On January 26, 2022, Canada announced the expansion of Operation UNIFIER, the Canadian Armed Forces mission to provide military training and support to Ukrainian forces. Since 2015, Canada has trained nearly 33,000 Ukrainian military and security personnel.

The federal government has also announced more than $90 million in military aid, and is providing military aid—both lethal and non-lethal—to support Ukraine in its efforts to defend its sovereignty. In partnership with our allies, Canada is also sharing intelligence and providing support to enhance Ukraine’s cyber security.

Holding Russia Accountable

In response to Russia’s illegal invasion, Canada and our allies have swiftly imposed the strongest sanctions ever inflicted on a major economy. In threatening both Ukraine’s independence and the rules-based international order, President Putin and his hangers-on have been personally sanctioned, Russia’s major financial institutions and sovereign wealth funds have been cut out of the global economy, and the assets of Russia’s Central Bank have been frozen.

Since Russia’s invasion of Crimea in 2014, Canada has sanctioned more than 1,000 individuals and entities to prevent their access to Canada’s economy. In partnership with our allies, Canada has formed the Russian Elites, Proxies, and Oligarchs (REPO) Taskforce and committed federal resources to work with our partners, both foreign and domestic, to target the assets and ill-gotten gains of Russia’s elites and those who act on their behalf. This includes the use of resources to identify, freeze, and seize assets to ensure that sanctioned individuals and entities are no longer able to access their resources and wealth abroad.

On March 2, 2022, Canada became the first country to revoke the Most-Favoured-Nation trade partner status of both Russia and Belarus—an enabler of Russia’s invasion—under the Customs Tariff. This effectively imposed a 35 per cent tariff on virtually all goods from those two countries, placing them in a category previously occupied only by North Korea.Since then, several countries have followed Canada’s lead and implemented their own measures. We have also banned Russian-owned ships from Canadian ports and international waters, banned Russian-owned aircraft from entering Canadian airspace, and we were the first to announce a ban on imports of Russian petroleum products.

Canada is also taking every opportunity to isolate Russia at multilateral institutions, including through international financial institutions, and supports efforts by these organizations to suspend operations and programming in both Russia and Belarus.

Supporting Ukrainians Through the Crisis

To date in 2022, Canada has committed $145 million in humanitarian assistance, and $35 million in development assistance to provide direct support to Ukrainians who have been affected by the illegal Russian invasion. This includes $30 million that matched the donations of individual Canadians. However, we know that more needs to be done to help Ukraine continue to provide essential services to its people.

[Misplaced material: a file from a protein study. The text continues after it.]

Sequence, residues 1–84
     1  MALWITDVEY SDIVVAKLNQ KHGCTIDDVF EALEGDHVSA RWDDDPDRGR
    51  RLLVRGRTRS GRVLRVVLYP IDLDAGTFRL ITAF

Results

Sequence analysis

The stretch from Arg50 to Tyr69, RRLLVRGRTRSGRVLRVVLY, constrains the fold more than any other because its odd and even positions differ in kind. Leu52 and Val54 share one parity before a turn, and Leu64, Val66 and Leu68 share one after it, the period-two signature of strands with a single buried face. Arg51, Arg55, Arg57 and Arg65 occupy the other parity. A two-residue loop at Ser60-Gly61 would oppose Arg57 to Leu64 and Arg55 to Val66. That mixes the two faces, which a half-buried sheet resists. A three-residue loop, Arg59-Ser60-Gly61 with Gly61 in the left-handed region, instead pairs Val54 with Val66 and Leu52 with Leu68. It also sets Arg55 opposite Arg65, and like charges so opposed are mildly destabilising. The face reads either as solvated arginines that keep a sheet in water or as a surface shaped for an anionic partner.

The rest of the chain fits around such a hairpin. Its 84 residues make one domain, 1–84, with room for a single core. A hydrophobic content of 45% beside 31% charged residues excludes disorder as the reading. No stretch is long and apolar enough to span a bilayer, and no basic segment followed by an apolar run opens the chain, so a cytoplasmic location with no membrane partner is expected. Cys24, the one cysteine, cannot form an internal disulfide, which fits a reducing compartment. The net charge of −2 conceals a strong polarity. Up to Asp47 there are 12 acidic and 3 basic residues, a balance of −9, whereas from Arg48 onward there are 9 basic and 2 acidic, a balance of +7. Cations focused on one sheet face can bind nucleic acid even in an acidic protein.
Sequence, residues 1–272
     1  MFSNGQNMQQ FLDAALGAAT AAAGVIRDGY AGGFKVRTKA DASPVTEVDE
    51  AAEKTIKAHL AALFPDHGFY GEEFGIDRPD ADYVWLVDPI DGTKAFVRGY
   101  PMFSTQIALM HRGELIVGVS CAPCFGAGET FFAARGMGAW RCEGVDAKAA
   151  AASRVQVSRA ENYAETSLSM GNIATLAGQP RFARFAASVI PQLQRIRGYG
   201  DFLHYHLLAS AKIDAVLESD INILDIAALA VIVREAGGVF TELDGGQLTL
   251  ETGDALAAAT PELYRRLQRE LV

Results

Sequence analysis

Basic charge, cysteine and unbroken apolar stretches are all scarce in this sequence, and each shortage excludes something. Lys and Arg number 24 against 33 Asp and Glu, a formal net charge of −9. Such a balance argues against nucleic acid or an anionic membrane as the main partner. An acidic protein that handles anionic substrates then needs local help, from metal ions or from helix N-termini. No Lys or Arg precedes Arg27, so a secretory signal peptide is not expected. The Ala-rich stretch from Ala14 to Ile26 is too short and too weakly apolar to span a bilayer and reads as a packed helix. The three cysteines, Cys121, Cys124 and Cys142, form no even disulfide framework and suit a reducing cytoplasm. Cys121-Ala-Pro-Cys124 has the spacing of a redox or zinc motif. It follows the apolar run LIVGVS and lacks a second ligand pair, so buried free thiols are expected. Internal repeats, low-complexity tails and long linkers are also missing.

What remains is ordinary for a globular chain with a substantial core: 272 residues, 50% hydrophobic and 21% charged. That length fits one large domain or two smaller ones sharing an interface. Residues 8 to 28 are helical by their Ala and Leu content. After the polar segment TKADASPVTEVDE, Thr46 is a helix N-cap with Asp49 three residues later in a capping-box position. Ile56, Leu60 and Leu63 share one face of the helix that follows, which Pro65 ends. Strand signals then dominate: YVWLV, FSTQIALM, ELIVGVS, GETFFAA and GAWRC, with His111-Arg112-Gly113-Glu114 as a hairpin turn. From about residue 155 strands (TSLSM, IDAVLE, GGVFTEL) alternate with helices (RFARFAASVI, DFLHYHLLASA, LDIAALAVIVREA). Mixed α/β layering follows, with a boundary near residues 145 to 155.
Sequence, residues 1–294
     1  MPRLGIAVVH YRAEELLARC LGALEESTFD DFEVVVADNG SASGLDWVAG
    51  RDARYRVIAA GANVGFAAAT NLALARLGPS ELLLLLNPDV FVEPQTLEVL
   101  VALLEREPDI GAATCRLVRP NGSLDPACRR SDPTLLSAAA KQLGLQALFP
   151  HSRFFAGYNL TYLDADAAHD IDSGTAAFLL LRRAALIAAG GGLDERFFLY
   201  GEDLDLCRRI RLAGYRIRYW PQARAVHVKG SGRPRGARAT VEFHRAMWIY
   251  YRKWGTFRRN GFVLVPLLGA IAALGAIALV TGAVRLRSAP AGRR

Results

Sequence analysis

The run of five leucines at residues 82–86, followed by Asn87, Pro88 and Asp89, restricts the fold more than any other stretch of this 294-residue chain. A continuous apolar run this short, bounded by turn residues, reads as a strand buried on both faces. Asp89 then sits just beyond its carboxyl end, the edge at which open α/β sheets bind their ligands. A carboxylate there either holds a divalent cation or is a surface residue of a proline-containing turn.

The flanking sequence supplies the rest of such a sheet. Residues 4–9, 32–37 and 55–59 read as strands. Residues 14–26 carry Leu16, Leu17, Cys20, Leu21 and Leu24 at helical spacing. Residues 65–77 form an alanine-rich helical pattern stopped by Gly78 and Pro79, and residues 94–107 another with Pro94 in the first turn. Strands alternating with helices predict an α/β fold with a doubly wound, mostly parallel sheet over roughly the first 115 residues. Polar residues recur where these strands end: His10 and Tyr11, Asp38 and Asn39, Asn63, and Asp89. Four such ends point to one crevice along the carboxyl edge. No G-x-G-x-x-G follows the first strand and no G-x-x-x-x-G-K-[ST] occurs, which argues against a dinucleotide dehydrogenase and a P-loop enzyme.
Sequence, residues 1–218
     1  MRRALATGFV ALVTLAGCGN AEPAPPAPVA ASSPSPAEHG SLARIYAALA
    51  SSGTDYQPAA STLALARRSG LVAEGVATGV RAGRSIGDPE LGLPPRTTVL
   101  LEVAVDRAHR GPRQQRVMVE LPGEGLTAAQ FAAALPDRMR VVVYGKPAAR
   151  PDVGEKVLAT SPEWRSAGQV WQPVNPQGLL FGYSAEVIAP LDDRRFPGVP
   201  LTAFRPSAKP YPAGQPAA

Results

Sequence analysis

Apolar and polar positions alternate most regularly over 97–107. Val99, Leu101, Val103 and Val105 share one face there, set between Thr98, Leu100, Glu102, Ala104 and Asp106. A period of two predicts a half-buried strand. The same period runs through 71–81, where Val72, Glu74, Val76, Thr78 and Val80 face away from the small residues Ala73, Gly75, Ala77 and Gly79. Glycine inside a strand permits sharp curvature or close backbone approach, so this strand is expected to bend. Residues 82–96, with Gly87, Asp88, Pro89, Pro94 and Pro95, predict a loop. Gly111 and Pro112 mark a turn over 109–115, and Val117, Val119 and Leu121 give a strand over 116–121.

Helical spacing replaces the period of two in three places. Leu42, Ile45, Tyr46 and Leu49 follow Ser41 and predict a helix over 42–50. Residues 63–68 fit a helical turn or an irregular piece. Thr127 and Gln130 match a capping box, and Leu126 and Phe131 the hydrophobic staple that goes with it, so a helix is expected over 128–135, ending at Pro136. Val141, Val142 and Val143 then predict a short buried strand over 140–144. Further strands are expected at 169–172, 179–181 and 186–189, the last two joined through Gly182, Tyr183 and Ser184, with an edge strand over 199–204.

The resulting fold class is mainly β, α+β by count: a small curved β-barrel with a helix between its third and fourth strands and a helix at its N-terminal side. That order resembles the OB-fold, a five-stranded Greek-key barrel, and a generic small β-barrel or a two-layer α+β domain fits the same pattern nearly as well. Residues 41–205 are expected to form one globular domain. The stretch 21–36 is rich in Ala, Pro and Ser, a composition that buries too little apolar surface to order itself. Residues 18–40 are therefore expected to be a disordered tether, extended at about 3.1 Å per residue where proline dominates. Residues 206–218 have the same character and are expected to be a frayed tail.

Canada has already offered a total of $620 million in loans this year to support Ukraine’s financial stability, economic resilience, and governance reforms.

Canada is providing additional support through our shareholdings in key international financial institutions, including the International Monetary Fund, the World Bank, and the European Bank for Reconstruction and Development. Since the onset of the invasion, these three institutions have together committed more than $5.6 billion to support Ukrainians.

A Safe Haven for Ukrainians

On March 3, 2022, Canada announced two new immigration streams for Ukrainians fleeing Russia’s invasion.

All Ukrainians who come to Canada as part of these measures will be eligible to apply for open work permits, making it easier for employers to quickly hire Ukrainian nationals looking to find work. The government will also issue open work permits to Ukrainian visitors, workers, and students who are currently in Canada and cannot safely go home.

The government has provided new funding of $111 million over five years, with $6 million in future years, to implement these new immigration measures. This funding will help to set up the new immigration pathways, expedite the processing of applications, and provide support to Ukrainians once they arrive in Canada.

5.3 Standing Up for Democracy, Transparency, and the Rule of Law

The rules-based international order is built upon a shared commitment to democracy and the rule of law. However, those values are being challenged by hostile forces, including state actors like Russia, criminal organizations, and the wilful purveyors of disinformation that threaten public institutions.

At the Summit for Democracy in December 2021, Canada announced that it will pursue an ambitious agenda to better support good governance around the world, and provide fast and flexible support to fragile or emerging democracies.